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Electronic tachometers work by counting pulses generated by the alternator, tach signal generator, ignition system or by a magnetic pick-up sender. By choosing the correct tachometer for your application and setting the ranging switch to the right position, you let the tachometer know how many pulses are sent for each revolution of the engine. From this information, the tachometer will display the correct engine speed. The tachometer is connected to 12 or 24 VDC, Ground and to one of the signal sources previously listed. Reference the installation instructions for your tachometer for the proper connections.


On 4 cycle gas engines the tachometer sender terminal is connected to the negative terminal on the ignition coil or to a transistorized tachometer driver circuit connected to the ignition system. The tachometer ranging switch should be set to the 4, 6, or 8 cylinder position, depending on the amount of cylinders in the engine.

On 2 cycle gas engines the tachometer sender terminal is connected to the unrectified AC output of the alternator/lighting coil. Sometimes it is connected directly to the stator output wire. The tachometer-ranging switch should be set according to the amount of poles in the engines alternator. The amount of poles in the alternator can be found by checking the Outboard Tachometer Application page.

On diesel engines tachometer signal is generated by one of 3 things: 1) the alternator, 2) the magnetic sensor, which counts gear teeth, or 3) a tachometer signal generator that is spun by the mechanical take-off.

  1. The diesel alternator tachometer is hooked up the AC tap of the alternator. This connection can be marked as: AC, AUX, S, R, TACH, or nothing at all. Once installed, the tachometer can be calibrated to the engine by using a shop tach, or a known “no load” governed speed. The tachometer can be bench-calibrated by using a frequency generator and the following formula:
    Full scale frequency = full scale RPM x ½ poles in the alternator x pulley ratio

    There are 2 versions of the alternator tachometer the 300-900 Hz model and the 700-2100 Hz model. By using the above formula you can choose the correct tachometer for your application.

  2. The magnetic sensor tachometer is hooked up to a hall-effect sensor that counts gear teeth as they pass by the sensor. Both wires from the sensor are routed to the tachometer as a twisted pair. One wire is connected to the signal input and the other to the ground terminal on the back of the tachometer. The ranging switch code for the amount of teeth on the wheel can be found in your tachometer’s installation instructions.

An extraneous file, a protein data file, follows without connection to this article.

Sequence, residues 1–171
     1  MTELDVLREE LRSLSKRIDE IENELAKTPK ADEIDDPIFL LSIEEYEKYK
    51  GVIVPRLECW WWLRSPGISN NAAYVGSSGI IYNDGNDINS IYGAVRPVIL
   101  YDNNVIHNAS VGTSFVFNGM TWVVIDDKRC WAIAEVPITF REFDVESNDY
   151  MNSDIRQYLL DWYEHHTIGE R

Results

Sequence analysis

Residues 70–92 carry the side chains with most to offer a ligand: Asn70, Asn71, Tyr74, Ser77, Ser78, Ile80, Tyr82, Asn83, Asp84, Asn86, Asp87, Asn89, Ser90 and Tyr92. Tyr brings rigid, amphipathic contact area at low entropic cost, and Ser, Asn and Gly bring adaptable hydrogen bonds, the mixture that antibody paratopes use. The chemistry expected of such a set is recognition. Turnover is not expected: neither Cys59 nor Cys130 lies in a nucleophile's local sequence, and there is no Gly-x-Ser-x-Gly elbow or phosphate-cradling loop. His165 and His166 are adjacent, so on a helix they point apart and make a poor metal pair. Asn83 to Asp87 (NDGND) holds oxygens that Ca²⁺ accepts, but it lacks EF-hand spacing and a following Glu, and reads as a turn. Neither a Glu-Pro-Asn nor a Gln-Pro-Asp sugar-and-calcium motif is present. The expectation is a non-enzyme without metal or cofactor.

3. The generator driven tachometer is connected to a pulse generator, which is spun by the engine’s mechanical take-off. One of the wires is connected to chassis ground and the other is routed to the signal input of the tachometer. The switch for this tachometer is marked as .5:1, 1:1, 1.5:1 and 2:1. Set the selector switch to the position that corresponds to the mechanical take-off ratio of your vehicle.


Symptom recognition and visual inspection are the steps in effective troubleshooting. A multimeter is a helpful tool when troubleshooting instrumentation, and will make the task much easier. Tachometers usually exhibit the following symptoms: 1. Dead, 2. Reading high or low, 3. Erratic.

  1. Dead - this is usually caused by no power applied or by no signal applied. First, with the installation instructions, make sure the tachometer is connected properly. If the tachometer is connected properly, check the voltage between the “B+” and “G” terminals on the tachometer. 12-volt systems will have a voltage between 12-16 VDC; 24-volt systems will have a voltage between 22-28 VDC. If these voltages are not present check the ground and ignition connections to the tachometer and the continuity of the wires making these connections. If the voltages are present, check for the presence of a signal. Measure the signal between the “SIG” and “G” terminals on the tachometer. Signal strength should be in excess of 2 VDC.

  2. Reading high or low
  3. - This is usually caused by the ranging switch on the tachometer set in the wrong position or the wrong tachometer is being used for your application. Check to be sure the switch is in the correct position for your engine.

  4. Erratic
  5. - This is usually caused by a loose or intermittent connection on the back of the tachometer. Check to see if the connections are tight and that the terminal hardware is making contact with the wires’ conductor. In the case of the magnetic pick-up tachometer, erratic action can be caused by the wrong air-gap between the sensor and the gear teeth. A .050” air-gap is what Beede Electrical Instruments recommends. To achieve a .050” air-gap, turn the sensor into the Housing until it touches the gear teeth and then back the sensor out ¼ turn.

If after you have performed these troubleshooting steps the tachometer is still not working, please log onto our Online Support Forum for further technical assistance.